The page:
The official languages of Seychelles are French, English, and Seychellois Creole.The French language was introduced to the country prior to the British taking control of it in 1794 and due to the similarities with Seychellois Creole, French remains a prevalent means of communication. English was brought to Seychelles with the colonisation of the islands by the United Kingdom who ruled the area for almost two centuries. Seychellois Creole is a language that derived from French Creole and now incorporates several English words and phrases.

In 2016, the population of Seychelles was estimated at 94, 677 and of these citizens, approximately 87% speak Seychellois Creole as a native language. 51% of the country speaks French as a first or second language and 38% speak English which is usually a second or third language of many in the country. The majority of government dealings and business in Seychelles are conducted in English and 98% of children are literate in Seychellois Creole, French, and/or English.

As mentioned earlier, English has been a common method of communication in Seychelles since the late 1700s. Many English phrases will come in handy, but locals appreciate any effort in speaking Seychellois Creole. This Creole language sounds very similar to French and tourists have found that this language helps them understand the local dialect a lot better. French phrases such as "bonjour" (hello) and "merci" (thank-you) are very useful and every local will understand basic French and English.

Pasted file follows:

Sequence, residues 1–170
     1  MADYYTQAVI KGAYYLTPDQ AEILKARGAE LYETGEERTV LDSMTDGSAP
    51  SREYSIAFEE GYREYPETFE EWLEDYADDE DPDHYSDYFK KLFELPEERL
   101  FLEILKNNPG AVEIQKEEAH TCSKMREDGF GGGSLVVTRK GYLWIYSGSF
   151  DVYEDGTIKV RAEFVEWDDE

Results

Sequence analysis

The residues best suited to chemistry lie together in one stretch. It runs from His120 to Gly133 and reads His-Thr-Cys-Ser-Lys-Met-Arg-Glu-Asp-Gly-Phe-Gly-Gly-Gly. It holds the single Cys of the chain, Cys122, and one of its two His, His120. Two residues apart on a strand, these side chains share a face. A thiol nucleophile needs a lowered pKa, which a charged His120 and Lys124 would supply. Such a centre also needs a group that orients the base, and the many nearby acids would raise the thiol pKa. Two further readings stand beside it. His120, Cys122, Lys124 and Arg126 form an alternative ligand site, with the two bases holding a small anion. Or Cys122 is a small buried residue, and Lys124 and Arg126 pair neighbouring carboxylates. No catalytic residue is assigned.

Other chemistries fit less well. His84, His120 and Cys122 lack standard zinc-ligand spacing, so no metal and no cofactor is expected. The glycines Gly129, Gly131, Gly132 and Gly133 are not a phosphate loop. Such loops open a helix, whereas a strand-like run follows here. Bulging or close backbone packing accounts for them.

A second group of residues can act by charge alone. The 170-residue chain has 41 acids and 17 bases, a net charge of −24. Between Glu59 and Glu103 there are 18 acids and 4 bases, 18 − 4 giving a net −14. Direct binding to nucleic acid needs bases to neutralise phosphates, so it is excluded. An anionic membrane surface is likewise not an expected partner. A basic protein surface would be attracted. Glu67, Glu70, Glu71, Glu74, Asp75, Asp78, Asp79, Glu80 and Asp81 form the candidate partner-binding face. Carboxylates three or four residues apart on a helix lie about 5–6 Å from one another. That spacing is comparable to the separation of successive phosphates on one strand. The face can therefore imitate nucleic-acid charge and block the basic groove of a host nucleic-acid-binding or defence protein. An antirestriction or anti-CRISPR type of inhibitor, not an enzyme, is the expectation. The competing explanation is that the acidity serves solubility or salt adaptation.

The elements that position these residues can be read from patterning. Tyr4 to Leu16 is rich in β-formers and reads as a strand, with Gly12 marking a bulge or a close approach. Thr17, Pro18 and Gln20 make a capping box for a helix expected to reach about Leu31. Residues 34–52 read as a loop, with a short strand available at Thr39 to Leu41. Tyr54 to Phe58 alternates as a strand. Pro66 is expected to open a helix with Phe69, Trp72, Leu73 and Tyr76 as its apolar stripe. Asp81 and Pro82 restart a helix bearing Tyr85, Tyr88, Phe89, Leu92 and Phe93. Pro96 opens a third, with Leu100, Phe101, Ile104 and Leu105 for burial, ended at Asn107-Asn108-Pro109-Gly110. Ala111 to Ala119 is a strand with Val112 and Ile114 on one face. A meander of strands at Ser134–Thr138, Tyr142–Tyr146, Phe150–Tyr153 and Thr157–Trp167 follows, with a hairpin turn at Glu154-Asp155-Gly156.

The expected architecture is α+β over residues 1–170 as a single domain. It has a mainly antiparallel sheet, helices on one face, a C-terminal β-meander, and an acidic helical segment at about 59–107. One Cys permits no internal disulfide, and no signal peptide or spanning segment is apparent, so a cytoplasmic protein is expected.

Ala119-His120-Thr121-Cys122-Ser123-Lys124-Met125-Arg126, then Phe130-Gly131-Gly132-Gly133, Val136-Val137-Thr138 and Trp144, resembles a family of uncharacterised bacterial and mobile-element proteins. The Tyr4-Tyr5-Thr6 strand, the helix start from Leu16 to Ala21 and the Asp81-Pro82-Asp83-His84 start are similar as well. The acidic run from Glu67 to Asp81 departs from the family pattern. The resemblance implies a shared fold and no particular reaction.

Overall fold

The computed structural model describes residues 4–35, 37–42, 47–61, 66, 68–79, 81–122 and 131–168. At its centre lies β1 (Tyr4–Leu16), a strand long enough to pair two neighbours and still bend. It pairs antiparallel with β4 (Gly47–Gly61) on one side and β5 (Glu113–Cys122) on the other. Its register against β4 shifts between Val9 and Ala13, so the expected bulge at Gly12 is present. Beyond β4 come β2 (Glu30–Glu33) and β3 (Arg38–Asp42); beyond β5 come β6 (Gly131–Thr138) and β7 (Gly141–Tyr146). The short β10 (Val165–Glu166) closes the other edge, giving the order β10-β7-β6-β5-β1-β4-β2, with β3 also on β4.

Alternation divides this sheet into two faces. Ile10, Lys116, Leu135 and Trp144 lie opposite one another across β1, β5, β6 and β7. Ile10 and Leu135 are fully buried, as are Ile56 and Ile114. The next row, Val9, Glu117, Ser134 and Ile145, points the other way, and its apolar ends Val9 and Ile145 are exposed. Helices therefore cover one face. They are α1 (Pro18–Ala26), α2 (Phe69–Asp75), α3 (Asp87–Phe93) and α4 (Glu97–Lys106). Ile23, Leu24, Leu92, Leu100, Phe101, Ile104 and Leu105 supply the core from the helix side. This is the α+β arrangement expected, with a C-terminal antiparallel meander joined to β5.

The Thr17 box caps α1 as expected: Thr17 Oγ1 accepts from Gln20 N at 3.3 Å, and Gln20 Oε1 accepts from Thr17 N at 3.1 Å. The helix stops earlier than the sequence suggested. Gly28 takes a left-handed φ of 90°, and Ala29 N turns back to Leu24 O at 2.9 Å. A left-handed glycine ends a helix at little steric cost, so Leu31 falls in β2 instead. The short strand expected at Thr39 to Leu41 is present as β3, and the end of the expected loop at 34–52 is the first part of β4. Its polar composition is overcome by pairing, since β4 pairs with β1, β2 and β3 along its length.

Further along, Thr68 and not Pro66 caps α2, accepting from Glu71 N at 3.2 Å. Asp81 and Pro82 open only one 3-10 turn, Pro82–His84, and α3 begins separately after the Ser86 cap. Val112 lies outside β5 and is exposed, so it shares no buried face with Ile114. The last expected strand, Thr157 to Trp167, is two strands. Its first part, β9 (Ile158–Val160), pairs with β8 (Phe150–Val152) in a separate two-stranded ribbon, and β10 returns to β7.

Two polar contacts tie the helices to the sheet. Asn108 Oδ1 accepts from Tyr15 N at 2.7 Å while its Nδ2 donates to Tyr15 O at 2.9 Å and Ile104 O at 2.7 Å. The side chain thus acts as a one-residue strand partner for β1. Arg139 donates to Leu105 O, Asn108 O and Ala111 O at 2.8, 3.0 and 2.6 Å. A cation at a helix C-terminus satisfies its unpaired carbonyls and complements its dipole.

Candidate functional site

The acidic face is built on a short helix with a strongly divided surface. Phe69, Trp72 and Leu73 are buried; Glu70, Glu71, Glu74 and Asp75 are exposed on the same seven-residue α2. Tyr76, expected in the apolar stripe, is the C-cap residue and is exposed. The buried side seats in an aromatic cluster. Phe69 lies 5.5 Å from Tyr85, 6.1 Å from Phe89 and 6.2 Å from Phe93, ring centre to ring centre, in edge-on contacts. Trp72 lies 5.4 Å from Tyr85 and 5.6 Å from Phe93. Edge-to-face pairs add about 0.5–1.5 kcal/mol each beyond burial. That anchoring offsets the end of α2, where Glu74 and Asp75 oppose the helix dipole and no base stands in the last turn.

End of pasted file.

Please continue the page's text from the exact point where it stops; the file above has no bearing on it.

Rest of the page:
Aside from European and African languages, Seychelles is home to small communities of South Indians and Asians who speak their native tongues. Dravidian languages such as Kannada, Malayalam, and Telugu are common among immigrants from India living in the country. There is a small number of Tamil immigrants (from India and Sri Lanka) living in Seychelles who speak the Tamil language. Seychelles is also home to a small population of Chinese citizens.

This page was last modified on May 1st, 2018

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